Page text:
Regular exercise may help keep your arteries 'young'

Lifestyle and exercise
'Exercising regularly 'can keep heart and arteries young'' BBC News reports

'Exercising regularly 'can keep heart and arteries young'' BBC News reports

"Exercising regularly 'can keep heart and arteries young'," BBC News reports.

Researchers recruited 102 older adults with an average age of 70 to a study looking at the relationship between exercise history and the health of their main arteries. All participants were considered healthy, and reported consistent exercise patterns over the last 25 years.

The researchers took various measures of blood flow and stiffness of the arteries. Excessive stiffness of the arteries can be associated with high blood pressure and atherosclerosis – a potentially serious condition where fatty clots build up in the arteries, which can then block the supply of blood to the heart or brain, triggering a heart attack or stroke.

People who reported doing the highest frequency of exercise (6 to 7 sessions a week) had the best measures of health for the main artery leaving their heart (the aorta). All people who did 2 or more sessions of exercise a week had healthier measures for the carotid arteries supplying their brain than people who did little or no exercise.

Unfortunately, this study alone doesn't tell us a great deal. While these measures are indications of arterial health, we don't know whether this makes any difference to risk of developing heart disease or stroke. It's a small sample and different findings may be observed in other samples, such as people who have health problems. Also, estimated amounts of exercise people have done over the years will never be entirely accurate.

However, it supports the recommendations that regular exercise is good for health and what is good for the heart is often also good for the brain.

Where did the story come from?

The study was carried out by researchers from several institutions in Texas including the University of Texas, the John Peter Smith Health Network, and the TCU and UNTHSC School of Medicine. It was funded by a US National Institutes of Health grant, and published in the peer-reviewed Journal of Physiology.

BBC News covered the research in brief. The article quoted one of the researchers as suggesting that it might be possible to "turn back time on older hearts and blood vessels," but this is speculative and not related to the research that was carried out. The BBC's coverage also gave the impression the results were clearer cut and more meaningful than they actually were.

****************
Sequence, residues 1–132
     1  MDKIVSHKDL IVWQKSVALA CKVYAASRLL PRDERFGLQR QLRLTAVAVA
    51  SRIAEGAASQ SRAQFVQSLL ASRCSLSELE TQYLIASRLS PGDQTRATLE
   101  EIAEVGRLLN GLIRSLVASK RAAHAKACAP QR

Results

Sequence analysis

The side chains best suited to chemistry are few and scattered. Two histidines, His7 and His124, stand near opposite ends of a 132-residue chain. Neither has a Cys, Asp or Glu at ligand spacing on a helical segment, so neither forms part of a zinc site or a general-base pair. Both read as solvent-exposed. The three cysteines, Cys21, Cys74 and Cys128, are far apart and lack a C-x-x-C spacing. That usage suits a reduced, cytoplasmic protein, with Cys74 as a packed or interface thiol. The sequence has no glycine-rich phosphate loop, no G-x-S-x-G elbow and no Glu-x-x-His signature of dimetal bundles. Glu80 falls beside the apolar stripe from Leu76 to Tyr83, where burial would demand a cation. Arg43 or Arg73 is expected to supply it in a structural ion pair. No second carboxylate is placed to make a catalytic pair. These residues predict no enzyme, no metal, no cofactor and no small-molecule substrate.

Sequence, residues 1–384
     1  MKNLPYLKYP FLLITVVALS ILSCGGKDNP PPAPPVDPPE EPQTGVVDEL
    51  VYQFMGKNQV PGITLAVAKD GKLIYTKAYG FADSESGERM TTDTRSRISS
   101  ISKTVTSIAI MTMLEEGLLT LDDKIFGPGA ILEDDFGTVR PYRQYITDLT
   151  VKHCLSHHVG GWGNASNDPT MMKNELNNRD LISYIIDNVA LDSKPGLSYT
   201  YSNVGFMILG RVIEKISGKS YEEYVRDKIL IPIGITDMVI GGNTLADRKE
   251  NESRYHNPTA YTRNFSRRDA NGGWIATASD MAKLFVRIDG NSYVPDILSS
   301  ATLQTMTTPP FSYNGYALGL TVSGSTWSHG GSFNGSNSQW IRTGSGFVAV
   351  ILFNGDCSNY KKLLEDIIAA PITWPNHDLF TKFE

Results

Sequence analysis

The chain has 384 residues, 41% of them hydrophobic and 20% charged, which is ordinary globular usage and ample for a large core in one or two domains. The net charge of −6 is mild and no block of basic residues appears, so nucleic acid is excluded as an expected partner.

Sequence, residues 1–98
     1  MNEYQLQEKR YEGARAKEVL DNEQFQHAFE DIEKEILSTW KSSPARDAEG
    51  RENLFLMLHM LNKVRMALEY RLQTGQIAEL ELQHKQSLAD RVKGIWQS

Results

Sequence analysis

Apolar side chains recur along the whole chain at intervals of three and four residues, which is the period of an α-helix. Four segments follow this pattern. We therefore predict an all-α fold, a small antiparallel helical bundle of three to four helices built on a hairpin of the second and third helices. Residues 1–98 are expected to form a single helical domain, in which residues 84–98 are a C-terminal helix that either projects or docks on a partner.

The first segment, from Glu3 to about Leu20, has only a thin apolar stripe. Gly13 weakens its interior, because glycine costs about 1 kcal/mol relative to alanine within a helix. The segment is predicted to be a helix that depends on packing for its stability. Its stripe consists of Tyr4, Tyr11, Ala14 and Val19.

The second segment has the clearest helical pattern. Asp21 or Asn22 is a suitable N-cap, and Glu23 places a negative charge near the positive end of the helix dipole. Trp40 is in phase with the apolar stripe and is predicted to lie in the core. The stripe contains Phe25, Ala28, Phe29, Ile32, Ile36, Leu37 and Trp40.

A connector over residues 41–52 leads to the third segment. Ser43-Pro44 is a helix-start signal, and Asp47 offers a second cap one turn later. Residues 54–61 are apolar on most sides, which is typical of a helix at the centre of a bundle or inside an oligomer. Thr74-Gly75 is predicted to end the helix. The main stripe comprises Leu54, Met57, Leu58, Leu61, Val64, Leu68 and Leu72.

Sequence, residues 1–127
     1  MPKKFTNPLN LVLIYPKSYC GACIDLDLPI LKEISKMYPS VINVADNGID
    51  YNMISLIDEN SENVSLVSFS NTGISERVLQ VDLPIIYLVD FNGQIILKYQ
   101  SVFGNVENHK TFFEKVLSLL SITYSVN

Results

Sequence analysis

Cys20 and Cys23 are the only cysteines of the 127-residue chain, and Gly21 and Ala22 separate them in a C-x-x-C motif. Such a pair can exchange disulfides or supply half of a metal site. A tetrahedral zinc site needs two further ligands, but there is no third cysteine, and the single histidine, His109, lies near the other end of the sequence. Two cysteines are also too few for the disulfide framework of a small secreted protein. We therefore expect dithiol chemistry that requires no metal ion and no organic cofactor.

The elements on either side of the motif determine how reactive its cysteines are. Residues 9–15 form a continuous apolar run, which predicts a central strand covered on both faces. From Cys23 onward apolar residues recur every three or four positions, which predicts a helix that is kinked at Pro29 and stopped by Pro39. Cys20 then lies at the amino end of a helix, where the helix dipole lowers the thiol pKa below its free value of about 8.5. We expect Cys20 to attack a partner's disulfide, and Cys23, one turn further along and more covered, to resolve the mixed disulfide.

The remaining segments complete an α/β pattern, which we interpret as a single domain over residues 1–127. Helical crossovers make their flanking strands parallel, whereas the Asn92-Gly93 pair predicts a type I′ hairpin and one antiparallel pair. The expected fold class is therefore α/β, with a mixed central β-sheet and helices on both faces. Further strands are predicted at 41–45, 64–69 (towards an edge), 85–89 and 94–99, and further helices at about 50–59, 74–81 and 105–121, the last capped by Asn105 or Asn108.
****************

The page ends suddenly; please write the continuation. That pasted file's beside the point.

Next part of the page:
The Mail Online's coverage of the study was a little more in-depth than the BBC's, but again, the limitations of the study were not discussed.

What kind of research was this?

This was a cross-sectional study in which researchers identified a group of people at a single point in time. They measured their arterial health and looked into their previous exercise experience.

However, cross-sectional studies can never tell us cause and effect. We don't know that the person's long-term past exposure of exercise is directly responsible for their current health status as many other factors may be involved.

One benefit of this study is that the participants were part of a larger cohort study that collected the information about how often people exercised over time. This is better than asking people to recall their exercise history on only one occasion.

Nonetheless, the classification of exercise purely by frequency and not by type or intensity limits how much the results can be interpreted. Also, it might have been useful to measure arterial stiffness at several points over time to see how it changed with age and the number of years of exercise.

What did the research involve?

The research included people who were already involved in a long-term study, the Cooper Centre Longitudinal Study. Although the cohort involved more than 80,000 people, the researchers only recruited a group of 102 people to this study, who were considered healthy and had reported a consistent exercise pattern over the past 25 years.